Back on the road, we ended up reaching the race registration site with no mishaps and little bumper-to-bumper traffic. After getting my race package we hung around the beach and BMW – taking in the views and positive energy. I ran for 10 minutes or so and we got our final big meal of the day. The Pro race was at 4pm. Chuckie got to sneak in with me. He ran into some old friends – actually A LOT. I knew three people: Sara Gross and Chris Brown (local
With my great directions and organization we made it to our home-stay after a long, winding, tour of the area. Sorry Chuckie! Jacque Harvey had everything set up for us and was racing the next day as well. It was a quick night of organizing, a light massage of the shins and feet and Chuckie getting my bike race-ready. It sure is nice to travel with a coach that cares about you. I was stress free and enjoyed my sleep for the night. No bunk beds but I wasn’t complaining. I slept in a beautiful room with a large queen bed. Chuckie took the two twin beds pulled together with his feet off the end. Thanks Chuckie. Thanks Jacque!
4:30am wake up call. I was wide awake at 3am but lay in bed until I heard the alarm from upstairs. Coffee was brewing and I had my breakfast of two Francine Finest Bars (local Okanagan nutrition bars and supporter!), coffee and some weakened Gatorade. The freeway was clear of cars and it seemed as though the trip to the race site was just next door – except no way to get to a bathroom. I had to go soon after we started on the freeway. I did end up holding up well and managed to get to the transition area with no mishaps! I did however, end up losing my timing chip but easily got a new one.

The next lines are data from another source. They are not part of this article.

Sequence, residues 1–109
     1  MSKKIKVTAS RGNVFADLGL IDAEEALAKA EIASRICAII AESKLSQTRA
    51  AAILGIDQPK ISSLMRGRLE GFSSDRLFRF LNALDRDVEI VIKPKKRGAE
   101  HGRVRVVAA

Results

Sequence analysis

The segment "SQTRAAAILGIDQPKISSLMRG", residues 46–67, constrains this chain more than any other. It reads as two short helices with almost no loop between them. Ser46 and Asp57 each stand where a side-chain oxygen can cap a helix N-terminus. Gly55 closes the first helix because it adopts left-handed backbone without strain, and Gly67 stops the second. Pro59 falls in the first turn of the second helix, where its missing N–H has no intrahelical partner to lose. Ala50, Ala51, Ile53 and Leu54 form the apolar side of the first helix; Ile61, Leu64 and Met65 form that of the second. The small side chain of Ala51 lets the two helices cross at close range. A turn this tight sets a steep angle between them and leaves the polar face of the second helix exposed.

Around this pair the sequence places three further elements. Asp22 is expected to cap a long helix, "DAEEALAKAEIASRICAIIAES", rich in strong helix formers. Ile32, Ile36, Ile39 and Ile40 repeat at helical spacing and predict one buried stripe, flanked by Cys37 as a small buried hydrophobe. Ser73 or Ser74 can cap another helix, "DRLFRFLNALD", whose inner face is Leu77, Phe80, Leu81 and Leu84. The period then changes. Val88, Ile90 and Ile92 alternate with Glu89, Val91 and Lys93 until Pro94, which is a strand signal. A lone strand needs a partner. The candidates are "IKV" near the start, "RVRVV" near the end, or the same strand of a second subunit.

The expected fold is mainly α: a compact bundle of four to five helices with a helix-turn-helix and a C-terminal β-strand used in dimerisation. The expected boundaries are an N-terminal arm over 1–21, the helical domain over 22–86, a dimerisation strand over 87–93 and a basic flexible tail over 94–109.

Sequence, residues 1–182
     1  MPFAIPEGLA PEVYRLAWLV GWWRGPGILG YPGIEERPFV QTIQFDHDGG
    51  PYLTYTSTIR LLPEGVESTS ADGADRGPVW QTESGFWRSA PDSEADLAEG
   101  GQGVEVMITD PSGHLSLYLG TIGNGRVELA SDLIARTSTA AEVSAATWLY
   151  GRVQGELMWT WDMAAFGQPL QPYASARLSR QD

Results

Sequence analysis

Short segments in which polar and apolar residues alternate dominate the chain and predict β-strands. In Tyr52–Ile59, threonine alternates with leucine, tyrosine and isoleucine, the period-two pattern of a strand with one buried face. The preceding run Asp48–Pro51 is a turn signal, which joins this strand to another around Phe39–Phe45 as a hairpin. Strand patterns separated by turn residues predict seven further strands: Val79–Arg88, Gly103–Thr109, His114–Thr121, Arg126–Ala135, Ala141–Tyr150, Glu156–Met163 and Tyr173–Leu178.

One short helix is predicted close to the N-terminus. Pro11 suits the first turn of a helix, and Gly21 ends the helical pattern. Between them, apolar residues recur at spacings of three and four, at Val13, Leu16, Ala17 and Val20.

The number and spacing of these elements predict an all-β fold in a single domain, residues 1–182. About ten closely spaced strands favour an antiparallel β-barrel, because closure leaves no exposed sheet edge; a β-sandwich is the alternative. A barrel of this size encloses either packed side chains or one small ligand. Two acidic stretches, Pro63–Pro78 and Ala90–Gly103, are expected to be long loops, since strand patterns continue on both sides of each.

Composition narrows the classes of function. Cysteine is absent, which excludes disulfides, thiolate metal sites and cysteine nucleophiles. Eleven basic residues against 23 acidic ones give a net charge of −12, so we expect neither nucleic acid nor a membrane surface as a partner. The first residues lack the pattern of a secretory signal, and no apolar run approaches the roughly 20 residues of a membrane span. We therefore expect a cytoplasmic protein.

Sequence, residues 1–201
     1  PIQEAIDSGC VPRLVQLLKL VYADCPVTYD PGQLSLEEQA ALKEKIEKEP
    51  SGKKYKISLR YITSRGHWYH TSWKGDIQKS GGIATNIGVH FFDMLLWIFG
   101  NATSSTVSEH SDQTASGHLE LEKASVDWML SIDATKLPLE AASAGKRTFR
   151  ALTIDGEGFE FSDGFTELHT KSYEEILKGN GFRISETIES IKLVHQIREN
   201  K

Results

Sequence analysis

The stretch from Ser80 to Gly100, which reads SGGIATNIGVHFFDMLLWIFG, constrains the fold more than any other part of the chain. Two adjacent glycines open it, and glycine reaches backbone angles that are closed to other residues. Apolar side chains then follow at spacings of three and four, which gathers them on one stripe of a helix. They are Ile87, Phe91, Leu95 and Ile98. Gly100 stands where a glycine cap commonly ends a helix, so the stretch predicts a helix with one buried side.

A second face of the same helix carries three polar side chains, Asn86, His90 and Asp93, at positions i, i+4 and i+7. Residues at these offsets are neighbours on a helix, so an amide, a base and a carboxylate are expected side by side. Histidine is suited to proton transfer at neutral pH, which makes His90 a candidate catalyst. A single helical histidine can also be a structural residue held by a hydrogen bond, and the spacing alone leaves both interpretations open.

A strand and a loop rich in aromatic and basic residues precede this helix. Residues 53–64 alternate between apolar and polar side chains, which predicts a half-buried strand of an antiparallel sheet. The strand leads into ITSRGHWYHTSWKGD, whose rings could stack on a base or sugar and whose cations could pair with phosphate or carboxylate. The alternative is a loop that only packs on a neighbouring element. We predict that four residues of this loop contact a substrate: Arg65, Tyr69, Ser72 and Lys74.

My bike was racked beside all the top contenders and immediately beside Michillie Jones’s. I stayed focused on preparing my bike and transition area, and getting a few sneak peaks at what the others were doing. I learned that modesty is not a pre-requisite for turning pro. Vaseline is used everywhere and in front of anyone.
Warm-up consisted of hitting up the bathroom a few times, running slowly to the entrance to the starting area and some upper arm swings with jumping jacks. We didn’t have a lot of time to get a short run in and we were not allowed to warm-up in the water. The swim did start in the harbor so we were able to get wet and in position prior to the gun going off. I was nervous, excited, and smiley. I am living the life I always dreamed of!
Swim: The water was a cool 60 degrees Fahrenheit. I wore two swim caps to help keep the chill off. My body however didn’t register the temperature because of my nervousness and excitement. The swim was an out and back with the first part being in the harbor and the second part opening up to the ocean. I missed my chance at the start to get on someone’s feet and ended up swimming the whole 1.9km on my own. I was able to site well and kept determined to keep my intensity high. I was unaware of the people behind me during the swim and of Chuckie and Dav right beside me when I got out of the water. Apparently they were cheering for me about a foot away. With the eye of the tiger I didn’t see them! J I came out in 20th place or so (haven’t checked the results yet) and around 3minutes behind the top contenders. The run to the bike was long through transition. I did get a quick T1 down and jumped on the bike with the goal of catching every woman I could. The plan was to go hard and hold nothing back.